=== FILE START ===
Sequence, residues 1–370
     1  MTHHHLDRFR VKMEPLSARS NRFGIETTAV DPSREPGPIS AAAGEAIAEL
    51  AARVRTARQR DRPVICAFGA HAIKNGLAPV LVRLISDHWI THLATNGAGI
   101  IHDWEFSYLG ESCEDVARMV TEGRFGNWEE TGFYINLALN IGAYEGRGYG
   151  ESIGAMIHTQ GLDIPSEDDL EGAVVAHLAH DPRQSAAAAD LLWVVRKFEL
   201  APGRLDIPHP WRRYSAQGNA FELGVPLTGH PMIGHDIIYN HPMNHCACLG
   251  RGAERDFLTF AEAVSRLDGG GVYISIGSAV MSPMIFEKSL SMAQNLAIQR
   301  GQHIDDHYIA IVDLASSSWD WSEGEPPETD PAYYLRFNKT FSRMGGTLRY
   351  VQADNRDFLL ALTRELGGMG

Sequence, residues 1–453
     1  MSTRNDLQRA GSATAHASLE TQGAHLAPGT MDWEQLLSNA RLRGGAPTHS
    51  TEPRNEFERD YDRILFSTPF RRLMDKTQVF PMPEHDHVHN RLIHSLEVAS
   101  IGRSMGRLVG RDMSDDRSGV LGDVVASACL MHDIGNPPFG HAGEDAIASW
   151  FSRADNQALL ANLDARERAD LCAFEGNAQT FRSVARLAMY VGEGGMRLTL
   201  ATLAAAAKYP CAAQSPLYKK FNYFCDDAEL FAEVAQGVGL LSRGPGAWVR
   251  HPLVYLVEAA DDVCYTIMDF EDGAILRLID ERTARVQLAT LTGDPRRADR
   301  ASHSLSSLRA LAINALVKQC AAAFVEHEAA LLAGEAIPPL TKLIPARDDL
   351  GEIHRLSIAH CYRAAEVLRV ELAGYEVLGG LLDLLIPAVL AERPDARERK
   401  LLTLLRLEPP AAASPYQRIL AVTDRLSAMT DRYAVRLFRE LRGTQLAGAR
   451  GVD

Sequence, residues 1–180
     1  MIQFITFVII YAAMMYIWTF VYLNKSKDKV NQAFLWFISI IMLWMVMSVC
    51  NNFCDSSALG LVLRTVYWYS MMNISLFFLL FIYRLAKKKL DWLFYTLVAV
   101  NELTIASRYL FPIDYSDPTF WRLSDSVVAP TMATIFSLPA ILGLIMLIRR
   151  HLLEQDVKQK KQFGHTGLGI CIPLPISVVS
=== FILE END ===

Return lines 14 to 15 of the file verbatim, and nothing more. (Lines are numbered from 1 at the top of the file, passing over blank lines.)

   151  FSRADNQALL ANLDARERAD LCAFEGNAQT FRSVARLAMY VGEGGMRLTL
   201  ATLAAAAKYP CAAQSPLYKK FNYFCDDAEL FAEVAQGVGL LSRGPGAWVR